Defining the Question

Different researchers have different ways of coming up with questions that drive their work, especially the big defining themes that organize the many little projects. For AI researchers, a popular approach is to think about various aspects of intelligence, as exhibited in the natural world, and to ask how they want to explain, understand, recreate parts of it. What follows is one installment of an ongoing attempt to sketch my chosen, biased and necessarily incomplete, view on this.

For me, the need for ‘intelligence‘ is closely tied to the need for clever variations in dealings with a hostile, arbitrarily complicated and infinite world. Autonomous agents (animals, people, robots, trading or bidding agents) must exist a world that is constantly changing, in ways that are not easy to enumerate and in a closed-loop setting where one can’t separate acquisition of experience, learning and decision making.

What does this mean in practice? I like to think of this in terms of a game, played out continually over the entire lifetime of an agent. An agent is born into an unknown world (endowed with varying levels of preliminary skill – ‘level zero’, i.e., no skill being a perfectly valid option) and finds itself able to play an arbitrary and infinite set of games – some are easy, some are hard, some are downright lethal in high doses. Any instance of a game must be solved using the agent’s bounded resources in a suitably game-dependent finite interval (after which, the world being non-stationary, the details of the game would have changed anyway). The only way for the agent to play the more complex and ‘dangerous’ games is to reuse its knowledge from simpler games. However, information about this setup is only available in an experience-based sense. The agent needs algorithmic procedures for figuring out how to navigate this world and incrementally learn to become more skilled.

All this sounds terribly abstract but I claim that it happens all the time. A favorite example I often quote to my students is the CO2 filter scene from the movie Apollo 13:

Here is another very relevant one – if you are impatient, skip to the final 15 seconds of the clip.

Yes, these are unusual scenarios in the sense that normal people may not be formally called upon to solve problems in this dramatic way. However, people do rise to challenges (see below). Also, yes, the specific instance of this problem may be posed as an instance of state space search which we all know, after chess, is an incomplete account of intelligent behavior. However, that is only true if I literally put a pile of stuff on the table and say find me a solution. Instead, if I asked more open ended questions with potentially infinite solutions, I am not just beating the familiar, possibly lifeless, horse.

So, notwithstanding some potential criticisms, the question remains – what kind of learning algorithms do we need that can incrementally learn from a lifetime of such encounters to one day solve problems in genuinely creative and original ways? Such a learning algorithm must surely be one of the more important parts of the final solution to the AI question.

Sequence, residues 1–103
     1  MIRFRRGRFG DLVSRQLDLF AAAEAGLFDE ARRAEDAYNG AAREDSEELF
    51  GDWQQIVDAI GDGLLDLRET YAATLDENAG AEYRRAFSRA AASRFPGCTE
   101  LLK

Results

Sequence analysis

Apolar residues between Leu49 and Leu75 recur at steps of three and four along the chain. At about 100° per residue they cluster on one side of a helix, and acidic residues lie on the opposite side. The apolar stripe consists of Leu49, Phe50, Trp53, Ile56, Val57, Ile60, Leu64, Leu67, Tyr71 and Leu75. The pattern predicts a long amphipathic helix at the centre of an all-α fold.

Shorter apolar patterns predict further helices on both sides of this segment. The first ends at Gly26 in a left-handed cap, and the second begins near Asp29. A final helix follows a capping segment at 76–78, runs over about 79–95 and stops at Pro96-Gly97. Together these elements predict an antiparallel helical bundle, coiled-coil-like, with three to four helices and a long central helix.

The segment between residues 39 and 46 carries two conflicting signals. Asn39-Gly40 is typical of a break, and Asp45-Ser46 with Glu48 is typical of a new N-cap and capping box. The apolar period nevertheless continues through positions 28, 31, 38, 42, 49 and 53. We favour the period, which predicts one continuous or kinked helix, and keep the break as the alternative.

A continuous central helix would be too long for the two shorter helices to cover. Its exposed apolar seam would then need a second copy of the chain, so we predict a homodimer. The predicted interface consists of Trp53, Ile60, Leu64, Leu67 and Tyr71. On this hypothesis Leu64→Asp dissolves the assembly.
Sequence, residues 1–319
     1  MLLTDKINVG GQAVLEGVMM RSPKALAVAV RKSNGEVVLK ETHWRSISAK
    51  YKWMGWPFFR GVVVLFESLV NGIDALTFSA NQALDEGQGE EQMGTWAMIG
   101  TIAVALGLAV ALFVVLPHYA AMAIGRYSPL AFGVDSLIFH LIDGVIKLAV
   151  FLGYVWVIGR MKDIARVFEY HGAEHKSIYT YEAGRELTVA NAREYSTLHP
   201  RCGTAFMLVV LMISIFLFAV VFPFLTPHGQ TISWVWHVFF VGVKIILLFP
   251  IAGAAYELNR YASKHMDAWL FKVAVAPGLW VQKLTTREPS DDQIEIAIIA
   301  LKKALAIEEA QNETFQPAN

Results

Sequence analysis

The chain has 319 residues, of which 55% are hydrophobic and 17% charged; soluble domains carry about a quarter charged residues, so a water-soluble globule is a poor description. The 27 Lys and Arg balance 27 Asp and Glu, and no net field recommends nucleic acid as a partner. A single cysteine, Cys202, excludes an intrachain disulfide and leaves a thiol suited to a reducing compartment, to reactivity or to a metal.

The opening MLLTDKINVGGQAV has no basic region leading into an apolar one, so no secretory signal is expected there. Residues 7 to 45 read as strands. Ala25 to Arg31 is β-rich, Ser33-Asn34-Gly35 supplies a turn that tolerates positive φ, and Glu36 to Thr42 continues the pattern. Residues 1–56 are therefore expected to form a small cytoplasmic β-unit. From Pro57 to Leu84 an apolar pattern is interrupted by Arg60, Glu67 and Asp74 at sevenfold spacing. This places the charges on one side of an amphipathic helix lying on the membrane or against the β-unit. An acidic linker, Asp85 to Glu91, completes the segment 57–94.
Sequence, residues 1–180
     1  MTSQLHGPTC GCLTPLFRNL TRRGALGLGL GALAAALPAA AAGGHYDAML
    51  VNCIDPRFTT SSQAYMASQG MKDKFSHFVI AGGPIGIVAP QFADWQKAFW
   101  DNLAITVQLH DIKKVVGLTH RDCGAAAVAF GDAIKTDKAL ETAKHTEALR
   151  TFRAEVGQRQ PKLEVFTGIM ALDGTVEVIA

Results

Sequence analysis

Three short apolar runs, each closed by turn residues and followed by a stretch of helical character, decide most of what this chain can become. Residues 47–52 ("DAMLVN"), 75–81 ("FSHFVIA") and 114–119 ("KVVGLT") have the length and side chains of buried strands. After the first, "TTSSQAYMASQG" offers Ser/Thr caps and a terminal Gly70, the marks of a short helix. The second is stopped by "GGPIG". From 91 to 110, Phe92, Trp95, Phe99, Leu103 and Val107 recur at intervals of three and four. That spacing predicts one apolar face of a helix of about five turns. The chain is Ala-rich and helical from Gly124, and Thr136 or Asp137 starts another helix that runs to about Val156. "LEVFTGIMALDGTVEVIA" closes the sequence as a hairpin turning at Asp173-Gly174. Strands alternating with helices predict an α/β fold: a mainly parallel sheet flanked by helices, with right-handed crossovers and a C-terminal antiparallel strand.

To support my claim that such scenarios are not all that unusual, I offer the following pictures of my daughter as I found her this morning when I woke up:

Apparently, she had come to the conclusion that she and her teddy bear were in need of a tent. We don’t actually have one easily available in our living room, so she set about making one. She put some of her chairs together, connected them together with a towel for a roof, lined up some cushions for a wall and even set up two other cushions as doors through which they could crawl in and out.

Admittedly, this is not rocket science. Lots of kids, and most adults, can do this with ‘limited’ cognitive effort. However, there is no denying the fact that she did something involving some open-ended ‘reasoning’ about an arbitrary, large collections of objects and what they could potentially do – outside of the normal circumstances where they are often found. Anyone who has played ‘pretend’ games with little kids knows how all this works. I claim that these behaviors are the ‘drosophila and yeast’ of our area under discussion, and getting agents to do this well is a very worthwhile and nontrivial exercise.

At some level, these are not entirely original thoughts. This is the developmental approach to AI and many researchers work in this area. However, as yet, there are no generic techniques for learning like this in general domains. A lot of very good work is done by replicating early infancy (right down to rattles and brightly colored toys) and trying to get algorithms to do what cognitive psychologists tell us kids are able to do. That is excellent. But, I am sceptical of being able to directly scale up from this to the Apollo 13 scenarios, entirely on the shoulders of the behavioral theories. At the same time, it is worth noting that very little of the current thrust of developments in either the statistical machine learning or logic-based learning tools is directly focused on addressing this issue. So, I would very much like to see (hopefully, develop myself) an algorithmically principled approach to this type of learning. This is my big theme – from which many of the little questions for my individual papers are derived (and, in broad terms, my chosen application domains emphasize the importance of this kind of learning and thinking).